Although the President is quoted as saying that the current race relation in the US are “as bad as they’ve ever been,” relevant data speak to the contrary. Data, which do not lie, may not speak the whole truth either. It will be ahistorical to suggest that race concerns are a post-Trump phenomenon.
US history remains incomplete without a proper understanding of slavery- a happily legalized institution for a long time. The New York Times 1619 project seeks to put this history into perspective. Despite the critical role of African Americans in US freedom struggle as also in the Civil War whose one reason was to save the Union, slavery continued, although its intensity toned-down. It is history’s irony that Jim Crow laws immediately succeeded the US constitution’s 13th Amendment, which actually meant to abolish slavery.
Emancipation and enslavement, although contradictory, did co-exist institutionally in the country till the passage of Fair Housing act in 1968 that purported to proscribe all remnants of institutional slavery.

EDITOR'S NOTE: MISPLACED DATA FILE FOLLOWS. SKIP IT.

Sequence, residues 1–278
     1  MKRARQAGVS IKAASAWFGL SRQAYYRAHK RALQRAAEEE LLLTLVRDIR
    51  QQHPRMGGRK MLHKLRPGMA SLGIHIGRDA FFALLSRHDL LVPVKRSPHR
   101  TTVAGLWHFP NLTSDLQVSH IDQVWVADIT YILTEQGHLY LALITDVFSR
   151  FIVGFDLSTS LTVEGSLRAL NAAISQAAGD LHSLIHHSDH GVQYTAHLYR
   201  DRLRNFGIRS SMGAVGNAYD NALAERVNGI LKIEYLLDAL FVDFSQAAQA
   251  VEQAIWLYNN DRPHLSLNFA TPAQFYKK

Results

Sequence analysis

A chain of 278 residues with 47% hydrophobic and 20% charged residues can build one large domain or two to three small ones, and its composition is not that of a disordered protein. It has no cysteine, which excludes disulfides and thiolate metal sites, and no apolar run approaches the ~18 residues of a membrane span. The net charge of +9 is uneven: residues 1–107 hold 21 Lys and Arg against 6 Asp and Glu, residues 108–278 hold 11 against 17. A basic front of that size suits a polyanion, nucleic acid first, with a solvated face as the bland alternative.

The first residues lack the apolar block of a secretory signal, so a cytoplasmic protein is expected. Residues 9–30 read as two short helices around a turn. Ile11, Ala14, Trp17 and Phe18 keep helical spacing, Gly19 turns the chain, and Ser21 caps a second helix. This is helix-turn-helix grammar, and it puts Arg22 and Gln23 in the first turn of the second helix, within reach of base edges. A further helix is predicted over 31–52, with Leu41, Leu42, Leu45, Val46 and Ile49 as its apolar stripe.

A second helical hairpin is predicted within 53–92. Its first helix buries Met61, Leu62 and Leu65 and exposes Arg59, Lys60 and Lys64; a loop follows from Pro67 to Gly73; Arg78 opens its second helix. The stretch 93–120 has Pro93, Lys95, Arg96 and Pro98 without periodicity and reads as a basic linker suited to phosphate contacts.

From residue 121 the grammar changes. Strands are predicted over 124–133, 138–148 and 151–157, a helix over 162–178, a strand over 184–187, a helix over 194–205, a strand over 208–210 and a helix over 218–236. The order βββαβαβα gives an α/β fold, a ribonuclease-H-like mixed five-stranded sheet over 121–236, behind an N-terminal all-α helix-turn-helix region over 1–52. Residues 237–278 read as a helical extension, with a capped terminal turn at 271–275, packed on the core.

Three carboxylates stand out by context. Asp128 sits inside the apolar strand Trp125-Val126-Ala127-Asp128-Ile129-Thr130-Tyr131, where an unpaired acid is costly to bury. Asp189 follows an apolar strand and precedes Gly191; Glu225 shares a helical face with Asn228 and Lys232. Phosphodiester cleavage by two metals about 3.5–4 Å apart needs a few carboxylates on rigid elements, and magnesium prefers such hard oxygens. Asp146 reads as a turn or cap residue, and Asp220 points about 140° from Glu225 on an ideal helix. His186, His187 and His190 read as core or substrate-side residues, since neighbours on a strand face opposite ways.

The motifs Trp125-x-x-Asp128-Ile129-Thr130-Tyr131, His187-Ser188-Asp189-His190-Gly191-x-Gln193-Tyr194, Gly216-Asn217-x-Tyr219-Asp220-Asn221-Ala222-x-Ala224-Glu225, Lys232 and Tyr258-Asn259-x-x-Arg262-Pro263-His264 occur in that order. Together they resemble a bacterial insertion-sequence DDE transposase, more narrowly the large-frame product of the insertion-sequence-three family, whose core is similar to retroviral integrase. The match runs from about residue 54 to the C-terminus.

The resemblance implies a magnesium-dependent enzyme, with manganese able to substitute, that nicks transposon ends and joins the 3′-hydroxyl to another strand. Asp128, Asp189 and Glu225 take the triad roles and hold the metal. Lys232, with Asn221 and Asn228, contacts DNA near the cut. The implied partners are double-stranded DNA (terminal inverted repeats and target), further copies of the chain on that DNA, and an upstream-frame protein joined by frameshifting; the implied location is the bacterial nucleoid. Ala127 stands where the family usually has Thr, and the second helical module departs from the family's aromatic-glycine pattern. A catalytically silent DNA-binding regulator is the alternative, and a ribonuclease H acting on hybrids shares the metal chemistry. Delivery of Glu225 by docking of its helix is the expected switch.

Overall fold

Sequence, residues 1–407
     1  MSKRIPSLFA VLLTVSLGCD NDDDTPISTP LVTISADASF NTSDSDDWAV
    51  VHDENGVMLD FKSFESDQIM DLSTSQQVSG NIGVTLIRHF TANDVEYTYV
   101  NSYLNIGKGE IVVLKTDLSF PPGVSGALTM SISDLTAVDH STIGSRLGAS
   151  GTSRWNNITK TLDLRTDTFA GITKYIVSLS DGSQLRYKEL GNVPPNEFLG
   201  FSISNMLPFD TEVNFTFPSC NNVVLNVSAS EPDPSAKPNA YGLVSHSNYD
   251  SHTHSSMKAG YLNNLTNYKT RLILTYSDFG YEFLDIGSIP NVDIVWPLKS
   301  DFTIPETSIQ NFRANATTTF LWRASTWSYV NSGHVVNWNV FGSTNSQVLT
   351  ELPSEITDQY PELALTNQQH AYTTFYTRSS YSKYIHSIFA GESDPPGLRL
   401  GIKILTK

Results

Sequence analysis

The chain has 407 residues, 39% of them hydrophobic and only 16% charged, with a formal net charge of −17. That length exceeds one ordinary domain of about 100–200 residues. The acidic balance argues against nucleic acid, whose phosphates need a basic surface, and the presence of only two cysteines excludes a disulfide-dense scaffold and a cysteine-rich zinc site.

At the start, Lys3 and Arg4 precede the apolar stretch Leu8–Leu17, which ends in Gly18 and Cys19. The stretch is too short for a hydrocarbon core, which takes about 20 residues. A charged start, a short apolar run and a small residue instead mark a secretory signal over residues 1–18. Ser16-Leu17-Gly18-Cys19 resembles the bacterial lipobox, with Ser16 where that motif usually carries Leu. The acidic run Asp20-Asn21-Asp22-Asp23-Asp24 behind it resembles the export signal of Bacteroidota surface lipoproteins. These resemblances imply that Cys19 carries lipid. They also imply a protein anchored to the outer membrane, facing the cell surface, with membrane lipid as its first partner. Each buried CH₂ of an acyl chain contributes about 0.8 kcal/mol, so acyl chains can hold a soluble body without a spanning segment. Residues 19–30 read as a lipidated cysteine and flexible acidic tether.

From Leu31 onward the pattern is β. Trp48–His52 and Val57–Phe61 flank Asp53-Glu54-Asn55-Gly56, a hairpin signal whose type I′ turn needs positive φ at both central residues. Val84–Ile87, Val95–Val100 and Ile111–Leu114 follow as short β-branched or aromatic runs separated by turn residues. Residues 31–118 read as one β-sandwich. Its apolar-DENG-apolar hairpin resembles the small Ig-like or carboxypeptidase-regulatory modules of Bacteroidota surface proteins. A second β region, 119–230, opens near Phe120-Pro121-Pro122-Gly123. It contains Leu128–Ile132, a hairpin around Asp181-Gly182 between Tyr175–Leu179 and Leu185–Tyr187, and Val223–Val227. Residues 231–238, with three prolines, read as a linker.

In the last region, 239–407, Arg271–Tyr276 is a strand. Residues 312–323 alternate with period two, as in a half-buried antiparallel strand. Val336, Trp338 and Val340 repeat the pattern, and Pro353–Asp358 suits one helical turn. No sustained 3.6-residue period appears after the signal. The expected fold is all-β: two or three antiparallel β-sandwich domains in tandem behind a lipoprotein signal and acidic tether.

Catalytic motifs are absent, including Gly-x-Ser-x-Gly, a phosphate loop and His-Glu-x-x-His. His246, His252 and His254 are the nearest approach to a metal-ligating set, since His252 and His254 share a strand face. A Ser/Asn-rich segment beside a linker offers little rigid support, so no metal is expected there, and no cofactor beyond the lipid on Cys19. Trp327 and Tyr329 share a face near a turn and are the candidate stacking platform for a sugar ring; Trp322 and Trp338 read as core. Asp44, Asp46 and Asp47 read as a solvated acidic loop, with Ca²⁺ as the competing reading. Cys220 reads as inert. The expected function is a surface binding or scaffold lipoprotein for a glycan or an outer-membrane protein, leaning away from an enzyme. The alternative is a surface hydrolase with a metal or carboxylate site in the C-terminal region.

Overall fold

Laws do not necessarily address human psychology. In a historical context where racial supremacy operates as deeply as in the practice of naturalized hypodescent, there is a need for everyone, including the President to be mindful about degenerating race equations. Constitutional patriotism, as opposed to ethnonationalism, is the constitutive foundation of the American nationhood. The moral essence based on which America leads the world stems from its ability to correct historical wrongs and subject itself to the rule of law.
No individual must be allowed to squander this American distinction and citizens through a mindful exercise of their suffrage must guard against any individual’s capricious or whimsical actions. The Declaration of Independence as also the Constitution envisages a plural nation bound by the values as enshrined in the Constitution. The highest value the Constitution envisages is the supremacy of the Constitution itself. To defend that is every citizen’s constitutional duty.
As New Americans proceed to vote in 2020, their oath of allegiance would continue to reverberate fresh in their hearts and minds. This would remind them why a judicious exercise of their ballot is expected in the 2020 presidential elections.
(Narayan Phuyal Sharma, a Georgetown University Law School alumnus, is a Bhutanese American and lives in Philadelphia, Pennsylvania. He can be reached at email@example.com)